The Peace in the Pose

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My arms started to wobble as I held in plank.

Calls at 9:30 bode unwell any day, but especially on a Friday night. 

The teacher made some adjustments, guiding my arms and feet with touches about the weight of a nickel.

It was Eldest Sister on Hubby’s side. Are you coming to Arizona? No; why? Second Sister had to have colon cancer surgery.

“Find the peace in the pose,” said my teacher.

“Oh, no. How is she?” 

Once aligned, my body, although surprised, settled into position. One, two, there breaths. Lower to the bamboo floor, lying parallel to the spaces between the boards.

Something had gone horribly wrong. Sepsis developed. A respirator breathed for Second, breathed while the life-giving fluids and antibiotics dripped into her veins in a fight against the infection. 

Push up to baby cobra, then step back into downward dog. Balance on hands and feet, butt towards the ceiling, thighs pointing to the back wall. Look down. Amazed that I tracked Oakley’s fur onto the mat.

The teacher made some feathery adjustments. Again, my body settled into position. The muscles engaged while staying relaxed. My brain appreciated the fresh blood flowing into it. “Find the peace in the pose,” she reminded me again.

Another call. Second Sister had been taken off the respirator, but was unresponsive. The doctor remained unhelpful. One day, acting as if she’ll get better; might take a year, but she’ll get better. Next day, asking if they’d thought about funeral arrangements. 

Walk hands back to my feet. Dear Mystery, do I need a pedicure.

Hubby went to Michigan to work on his mom’s house. Dropped by to see Eldest and her husband. Eldest Brother in law had been living with stage four lung cancer for eighteen months. The most recent check up showed that the cancer had jumped the chemo fence and started taking up camp in other parts of his body. Try something different? Or put the emphasis on comfort for whatever time is left? They will look at options with the care team. We wait. 

Bless my sturdy, stalwart feet. Stand up in tadasana, mountain pose, thighs inwardly rotated, hands in prayer position at heart center. A few more stretches to mobilize the hips, then hug knees to chest, exhale into savasana to close out the class.

Roll onto my side. “Take just another moment to thank your body.” I did. Deep, sincere thanks that she hasn’t retaliated for all the unwise food choices and spotty exercise by giving me cancer, diabetes, or heart disease.

There hadn’t been any word from Detroit or Arizona, but that meant nothing. We wait. 

Teacher and I parted for the evening with a hug. I stepped out into late summer twilight, looking at the gold-tinted pouring over the houses and trees on the west side of her cul-de-sac.

Sadness, yes. Nothing to be done except wait, and pray, and go about our life in the meantime as we wait the long wait to see how these stories play out. But somehow in the middle of the chaos and sorrow, there would be an island of peace.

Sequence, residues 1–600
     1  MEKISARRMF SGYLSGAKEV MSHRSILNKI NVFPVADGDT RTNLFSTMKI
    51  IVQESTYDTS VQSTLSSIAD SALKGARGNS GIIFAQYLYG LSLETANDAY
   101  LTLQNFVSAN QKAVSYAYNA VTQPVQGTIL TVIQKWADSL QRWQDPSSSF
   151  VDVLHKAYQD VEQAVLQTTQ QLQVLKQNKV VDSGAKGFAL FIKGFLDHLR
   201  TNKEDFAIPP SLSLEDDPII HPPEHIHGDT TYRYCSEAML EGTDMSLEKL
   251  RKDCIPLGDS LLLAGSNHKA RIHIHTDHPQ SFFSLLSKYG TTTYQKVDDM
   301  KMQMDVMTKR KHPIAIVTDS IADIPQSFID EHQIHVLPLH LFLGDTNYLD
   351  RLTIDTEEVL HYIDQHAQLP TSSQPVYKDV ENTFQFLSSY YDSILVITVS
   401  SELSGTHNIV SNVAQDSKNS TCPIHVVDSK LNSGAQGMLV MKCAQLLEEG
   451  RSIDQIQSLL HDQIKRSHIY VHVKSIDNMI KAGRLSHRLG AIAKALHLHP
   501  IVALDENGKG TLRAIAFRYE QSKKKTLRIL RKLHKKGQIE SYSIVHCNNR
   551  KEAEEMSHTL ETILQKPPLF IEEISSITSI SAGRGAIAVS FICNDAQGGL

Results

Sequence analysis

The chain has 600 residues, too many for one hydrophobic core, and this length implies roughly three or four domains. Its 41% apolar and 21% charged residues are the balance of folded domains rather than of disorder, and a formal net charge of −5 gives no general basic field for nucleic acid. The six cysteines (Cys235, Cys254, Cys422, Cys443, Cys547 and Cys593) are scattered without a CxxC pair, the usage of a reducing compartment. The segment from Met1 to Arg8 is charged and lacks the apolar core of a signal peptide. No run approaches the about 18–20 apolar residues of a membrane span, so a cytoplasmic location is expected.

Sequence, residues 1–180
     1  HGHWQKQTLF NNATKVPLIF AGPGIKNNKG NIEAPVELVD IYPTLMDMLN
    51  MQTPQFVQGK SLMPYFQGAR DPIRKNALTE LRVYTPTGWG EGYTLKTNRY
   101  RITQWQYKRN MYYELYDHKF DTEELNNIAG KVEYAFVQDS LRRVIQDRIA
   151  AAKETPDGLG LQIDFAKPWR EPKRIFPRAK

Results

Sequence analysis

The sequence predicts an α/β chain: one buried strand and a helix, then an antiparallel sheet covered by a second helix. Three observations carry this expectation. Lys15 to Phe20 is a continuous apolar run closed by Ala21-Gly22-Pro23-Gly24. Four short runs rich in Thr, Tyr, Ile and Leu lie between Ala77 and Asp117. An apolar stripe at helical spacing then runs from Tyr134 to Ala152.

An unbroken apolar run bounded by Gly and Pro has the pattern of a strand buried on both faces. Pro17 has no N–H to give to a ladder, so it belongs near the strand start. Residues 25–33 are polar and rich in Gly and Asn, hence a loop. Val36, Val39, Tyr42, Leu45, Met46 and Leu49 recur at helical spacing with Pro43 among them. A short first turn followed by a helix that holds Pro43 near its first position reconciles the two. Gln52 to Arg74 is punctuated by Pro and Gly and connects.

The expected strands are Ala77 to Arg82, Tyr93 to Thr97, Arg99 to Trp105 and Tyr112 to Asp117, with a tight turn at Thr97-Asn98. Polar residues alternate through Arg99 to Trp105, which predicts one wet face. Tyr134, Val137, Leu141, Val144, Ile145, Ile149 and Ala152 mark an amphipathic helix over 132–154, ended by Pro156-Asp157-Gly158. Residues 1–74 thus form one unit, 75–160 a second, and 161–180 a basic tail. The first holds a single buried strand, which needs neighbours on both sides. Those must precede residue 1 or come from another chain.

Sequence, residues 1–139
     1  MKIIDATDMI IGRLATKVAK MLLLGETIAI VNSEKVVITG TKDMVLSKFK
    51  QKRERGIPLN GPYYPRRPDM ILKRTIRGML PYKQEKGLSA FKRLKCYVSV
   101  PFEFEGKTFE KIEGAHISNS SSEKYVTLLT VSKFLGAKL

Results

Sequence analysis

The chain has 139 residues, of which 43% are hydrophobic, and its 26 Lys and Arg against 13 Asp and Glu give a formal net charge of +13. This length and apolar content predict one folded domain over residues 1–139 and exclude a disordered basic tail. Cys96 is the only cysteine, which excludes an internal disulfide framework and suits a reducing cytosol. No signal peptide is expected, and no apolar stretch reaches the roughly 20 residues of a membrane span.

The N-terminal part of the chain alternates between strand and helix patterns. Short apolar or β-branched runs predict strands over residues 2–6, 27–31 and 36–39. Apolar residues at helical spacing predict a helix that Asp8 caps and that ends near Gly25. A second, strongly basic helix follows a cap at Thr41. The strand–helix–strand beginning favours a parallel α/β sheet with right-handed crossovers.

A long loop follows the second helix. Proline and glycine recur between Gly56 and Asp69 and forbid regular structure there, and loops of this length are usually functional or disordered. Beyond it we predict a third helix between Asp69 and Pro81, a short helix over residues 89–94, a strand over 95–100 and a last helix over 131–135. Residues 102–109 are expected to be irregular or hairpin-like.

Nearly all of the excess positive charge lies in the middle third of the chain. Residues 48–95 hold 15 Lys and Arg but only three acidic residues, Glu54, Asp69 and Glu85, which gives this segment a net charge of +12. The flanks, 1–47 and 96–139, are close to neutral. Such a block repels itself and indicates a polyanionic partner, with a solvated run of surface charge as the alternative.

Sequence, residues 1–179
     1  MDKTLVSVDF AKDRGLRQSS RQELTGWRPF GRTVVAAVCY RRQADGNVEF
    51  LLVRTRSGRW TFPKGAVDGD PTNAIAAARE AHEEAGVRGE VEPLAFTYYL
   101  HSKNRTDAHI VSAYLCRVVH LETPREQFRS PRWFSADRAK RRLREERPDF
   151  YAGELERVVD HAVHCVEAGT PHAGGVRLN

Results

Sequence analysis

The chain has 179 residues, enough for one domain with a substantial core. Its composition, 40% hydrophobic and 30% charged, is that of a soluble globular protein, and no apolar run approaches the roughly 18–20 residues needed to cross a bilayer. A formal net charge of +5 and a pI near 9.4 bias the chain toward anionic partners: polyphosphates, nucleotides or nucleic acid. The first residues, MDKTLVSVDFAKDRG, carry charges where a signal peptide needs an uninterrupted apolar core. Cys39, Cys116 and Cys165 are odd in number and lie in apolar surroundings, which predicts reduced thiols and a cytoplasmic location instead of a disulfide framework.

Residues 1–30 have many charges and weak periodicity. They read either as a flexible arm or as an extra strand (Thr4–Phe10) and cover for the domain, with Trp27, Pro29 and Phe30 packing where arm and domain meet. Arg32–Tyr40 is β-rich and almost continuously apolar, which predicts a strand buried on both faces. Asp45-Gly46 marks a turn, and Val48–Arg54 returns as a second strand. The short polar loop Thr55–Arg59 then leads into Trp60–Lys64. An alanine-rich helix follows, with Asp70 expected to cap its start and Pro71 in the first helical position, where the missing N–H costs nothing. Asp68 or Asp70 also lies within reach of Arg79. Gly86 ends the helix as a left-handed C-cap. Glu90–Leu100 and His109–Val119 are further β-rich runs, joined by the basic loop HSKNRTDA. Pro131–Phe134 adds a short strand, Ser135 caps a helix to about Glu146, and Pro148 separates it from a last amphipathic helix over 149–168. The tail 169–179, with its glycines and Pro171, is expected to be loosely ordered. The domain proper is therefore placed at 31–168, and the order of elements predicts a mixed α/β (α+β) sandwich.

Practicing Radical Acceptance: The Monday Edition

Letting go of fighting reality and accepting that it is what it is…that’s the definition of radical acceptance. It doesn’t mean that you have to like the situation. It just means that you accept it without judgement, feel your anger, sorrow, and make peace with the situation so that you don’t waste energy with forcing change for the unchangeable.  You breathe, half-smile, and keep going. 

Today’s lessons:

  • I can’t do anything about the situation that my friend whom I wrote about yesterday is in without stirring up legal or karmic trouble for myself. I acknowledge that I am p.o.’d about the whole deal, but can’t do anything about it.
  • My sister-in-law is in the hospital due to a reaction from a drug given during a routine screening procedure. I can’t change how her body reacted, nor can I slug the doctor, tempting as it is. I can choose not to under go that screening myself, and will get some incense going for her later. 
  • The daily hour of walking is enough exercise for Oakley, but not so much for me. His Pyr lineage means that he gets along with less exercise than Orion did. Pyrs were bred to watch over flocks from elevated places such as rocks or even trees. Brittanys were bred to flush and retrieve game. Until the last couple of weeks of his life, Orion could easily drag me around our local state park for two hours a day, digging holes in the back yard and reading the riot act to the feral cats in between. A half hour nap and he was ready to go again. 

So today, I accepted that I can’t change my friend’s situation, nor my sister-in-law’s illness. Even though Oaks does have a few drops of Brittany in there, he has the heart and soul of his Pyr ancestors. I accepted that, and will refrain from stressing and guilt tripping myself about his lack of interest in long walks.

I worked out to a Bollywood-style dance video, then walked Oaks for about half an hour. We’ll walk if the weather cooperates a little later. But we are both a lot happier tonight.